Alvin SingletonView in iTunes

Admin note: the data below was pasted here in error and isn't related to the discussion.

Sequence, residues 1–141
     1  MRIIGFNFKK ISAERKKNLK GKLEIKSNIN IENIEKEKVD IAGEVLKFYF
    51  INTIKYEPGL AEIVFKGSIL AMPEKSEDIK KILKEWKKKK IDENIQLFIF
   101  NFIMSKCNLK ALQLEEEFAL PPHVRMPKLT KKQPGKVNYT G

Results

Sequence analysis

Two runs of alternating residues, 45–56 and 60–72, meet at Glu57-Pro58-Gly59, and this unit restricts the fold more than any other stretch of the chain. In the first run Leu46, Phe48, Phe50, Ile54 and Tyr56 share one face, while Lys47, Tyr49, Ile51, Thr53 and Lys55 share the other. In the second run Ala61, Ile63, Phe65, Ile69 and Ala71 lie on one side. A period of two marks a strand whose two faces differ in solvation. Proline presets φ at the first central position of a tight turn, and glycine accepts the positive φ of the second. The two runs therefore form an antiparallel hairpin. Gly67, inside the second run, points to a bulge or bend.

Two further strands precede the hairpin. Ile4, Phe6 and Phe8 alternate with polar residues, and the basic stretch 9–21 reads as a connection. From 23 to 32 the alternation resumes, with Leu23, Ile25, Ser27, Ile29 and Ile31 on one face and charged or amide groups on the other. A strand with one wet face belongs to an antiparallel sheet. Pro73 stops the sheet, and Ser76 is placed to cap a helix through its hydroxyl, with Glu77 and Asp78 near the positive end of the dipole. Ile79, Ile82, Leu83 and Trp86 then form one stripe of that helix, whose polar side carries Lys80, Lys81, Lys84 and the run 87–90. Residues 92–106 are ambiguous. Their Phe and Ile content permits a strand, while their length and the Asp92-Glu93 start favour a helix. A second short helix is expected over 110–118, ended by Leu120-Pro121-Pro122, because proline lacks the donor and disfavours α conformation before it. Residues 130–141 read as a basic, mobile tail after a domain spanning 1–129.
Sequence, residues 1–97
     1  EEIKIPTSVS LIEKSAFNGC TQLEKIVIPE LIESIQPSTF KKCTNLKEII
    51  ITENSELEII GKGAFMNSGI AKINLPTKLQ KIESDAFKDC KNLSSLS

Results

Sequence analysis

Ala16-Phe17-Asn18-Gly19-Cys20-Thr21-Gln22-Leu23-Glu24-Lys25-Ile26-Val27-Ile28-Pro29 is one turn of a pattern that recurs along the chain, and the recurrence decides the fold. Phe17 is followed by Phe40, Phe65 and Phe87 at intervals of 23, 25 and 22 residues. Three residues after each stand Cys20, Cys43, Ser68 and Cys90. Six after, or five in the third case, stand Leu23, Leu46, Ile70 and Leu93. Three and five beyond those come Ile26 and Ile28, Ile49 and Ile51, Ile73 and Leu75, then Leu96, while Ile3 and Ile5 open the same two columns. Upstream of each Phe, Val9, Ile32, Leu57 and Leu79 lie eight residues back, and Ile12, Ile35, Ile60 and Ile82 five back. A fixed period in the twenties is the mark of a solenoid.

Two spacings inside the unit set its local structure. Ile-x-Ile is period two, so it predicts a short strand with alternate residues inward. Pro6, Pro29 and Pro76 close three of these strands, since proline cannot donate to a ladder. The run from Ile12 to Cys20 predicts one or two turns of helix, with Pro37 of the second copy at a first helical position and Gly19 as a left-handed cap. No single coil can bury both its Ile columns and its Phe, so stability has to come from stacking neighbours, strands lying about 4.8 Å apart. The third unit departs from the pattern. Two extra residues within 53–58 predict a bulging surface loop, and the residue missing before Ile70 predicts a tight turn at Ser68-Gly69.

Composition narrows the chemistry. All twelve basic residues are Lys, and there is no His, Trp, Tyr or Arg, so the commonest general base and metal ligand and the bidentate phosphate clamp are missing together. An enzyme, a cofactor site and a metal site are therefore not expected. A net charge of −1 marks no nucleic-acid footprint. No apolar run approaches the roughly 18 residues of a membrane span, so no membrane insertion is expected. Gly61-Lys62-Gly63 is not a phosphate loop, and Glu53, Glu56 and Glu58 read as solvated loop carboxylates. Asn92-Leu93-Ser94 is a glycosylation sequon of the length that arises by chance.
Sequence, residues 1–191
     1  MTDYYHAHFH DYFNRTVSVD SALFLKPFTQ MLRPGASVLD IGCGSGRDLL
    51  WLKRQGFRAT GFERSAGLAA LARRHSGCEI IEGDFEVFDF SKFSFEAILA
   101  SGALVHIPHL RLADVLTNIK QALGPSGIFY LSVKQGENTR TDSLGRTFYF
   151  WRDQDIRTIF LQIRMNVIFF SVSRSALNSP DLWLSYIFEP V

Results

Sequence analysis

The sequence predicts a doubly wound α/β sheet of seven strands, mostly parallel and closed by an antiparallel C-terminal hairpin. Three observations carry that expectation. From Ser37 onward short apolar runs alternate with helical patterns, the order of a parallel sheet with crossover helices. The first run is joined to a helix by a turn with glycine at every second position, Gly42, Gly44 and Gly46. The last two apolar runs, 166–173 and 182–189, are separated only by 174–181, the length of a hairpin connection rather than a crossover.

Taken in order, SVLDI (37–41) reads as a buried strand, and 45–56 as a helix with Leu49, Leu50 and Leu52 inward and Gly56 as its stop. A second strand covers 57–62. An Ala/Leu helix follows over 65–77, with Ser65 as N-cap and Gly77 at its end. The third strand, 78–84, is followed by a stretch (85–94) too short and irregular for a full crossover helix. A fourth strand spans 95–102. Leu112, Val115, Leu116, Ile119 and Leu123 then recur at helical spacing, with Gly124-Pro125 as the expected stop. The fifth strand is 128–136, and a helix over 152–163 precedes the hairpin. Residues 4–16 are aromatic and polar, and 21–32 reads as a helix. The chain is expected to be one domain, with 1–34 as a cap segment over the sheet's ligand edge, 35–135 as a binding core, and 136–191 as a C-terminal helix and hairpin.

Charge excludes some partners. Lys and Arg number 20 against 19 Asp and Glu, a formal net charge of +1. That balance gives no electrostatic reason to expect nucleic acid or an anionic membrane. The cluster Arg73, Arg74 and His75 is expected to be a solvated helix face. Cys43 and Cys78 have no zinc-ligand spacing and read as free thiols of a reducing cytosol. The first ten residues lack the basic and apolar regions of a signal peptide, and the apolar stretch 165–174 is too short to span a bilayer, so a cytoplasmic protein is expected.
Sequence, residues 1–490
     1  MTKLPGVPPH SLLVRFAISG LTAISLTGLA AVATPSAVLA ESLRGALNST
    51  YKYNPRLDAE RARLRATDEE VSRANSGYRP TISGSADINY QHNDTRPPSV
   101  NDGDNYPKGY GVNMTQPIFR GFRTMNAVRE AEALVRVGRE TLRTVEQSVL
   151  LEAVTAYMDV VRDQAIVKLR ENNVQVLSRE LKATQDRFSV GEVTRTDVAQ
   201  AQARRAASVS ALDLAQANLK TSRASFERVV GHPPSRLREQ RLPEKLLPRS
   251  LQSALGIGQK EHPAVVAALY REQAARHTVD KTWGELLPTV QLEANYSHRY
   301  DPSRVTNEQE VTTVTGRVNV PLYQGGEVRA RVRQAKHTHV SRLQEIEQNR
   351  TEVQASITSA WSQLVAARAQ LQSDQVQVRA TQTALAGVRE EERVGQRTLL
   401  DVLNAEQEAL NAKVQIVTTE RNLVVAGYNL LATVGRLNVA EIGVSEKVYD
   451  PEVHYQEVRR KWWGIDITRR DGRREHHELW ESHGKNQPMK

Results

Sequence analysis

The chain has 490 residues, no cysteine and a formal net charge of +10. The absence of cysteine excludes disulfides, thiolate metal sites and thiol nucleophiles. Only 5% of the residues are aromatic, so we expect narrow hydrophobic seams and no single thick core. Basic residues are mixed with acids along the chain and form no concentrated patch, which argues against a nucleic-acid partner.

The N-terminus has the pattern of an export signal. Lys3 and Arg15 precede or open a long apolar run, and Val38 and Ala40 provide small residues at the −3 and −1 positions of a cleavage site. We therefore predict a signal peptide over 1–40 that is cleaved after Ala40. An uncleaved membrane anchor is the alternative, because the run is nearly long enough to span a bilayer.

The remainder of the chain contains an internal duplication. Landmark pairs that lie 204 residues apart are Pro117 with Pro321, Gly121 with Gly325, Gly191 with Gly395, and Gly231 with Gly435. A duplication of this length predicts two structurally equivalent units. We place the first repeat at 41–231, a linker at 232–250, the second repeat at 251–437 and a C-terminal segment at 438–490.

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Composer Alvin Singleton enjoyed several residencies in the United States during the 1980s, following a sojourn of a decade abroad. From the middle of the decade through 1988 he was composer in residence with the Atlanta Symphony Orchestra, subsequently shifting to a position as resident composer at Spelman College from 1988 to 1991. Such stellar academic or so-called "serious music" credentials shine brightly looking both forward and backward from the latter period in Singleton's career, yet he has also established an interesting underground presence due to his interest in improvisation. In 2002 New York City's Tzadik label released a Singleton volume in the label's "composer's series." The program of four compositions includes a duet for piano and trumpet featuring Anthony Davis and Wadada Leo Smith respectively. These stalwarts of the American avant-garde jazz scene can be linked geographically to Singleton during periods when Davis and Singleton were studying at Yale and Smith was living in nearby West Haven. Aesthetically they can be linked to a passionate commitment to combine aspects of both composition and improvisation, of both classical music and jazz so to speak, in a world too keen to segregate just about everything from people to eighth notes. Singleton also studied at New York University; a Fulbright fellowship gave him the means to go abroad, where he continued studies at Rome's Accademia Nazionale di Santa Cecilia. He eventually was awarded prizes in Germany and Austria. Back home, Singleton's efforts have been awarded by an arts award from the city of Atlanta and both NEA and Guggenheim grants. He composes theater music, orchestra pieces, chamber music and solos for instrumentalists such as five-string violist Martha Mooke. Performances of Singleton compositions have been programmed by the Kronos Quartet, the Nash Ensemble, the Asko Ensemble, Ensemble des 20, the London Sinfonietta and many American orchestras. Further composer in residence postings include the Detroit Symphony Orchestra for two years beginning in 1996 and Jacksonville, FL's Ritz Chamber Players five years later. ~ Eugene Chadbourne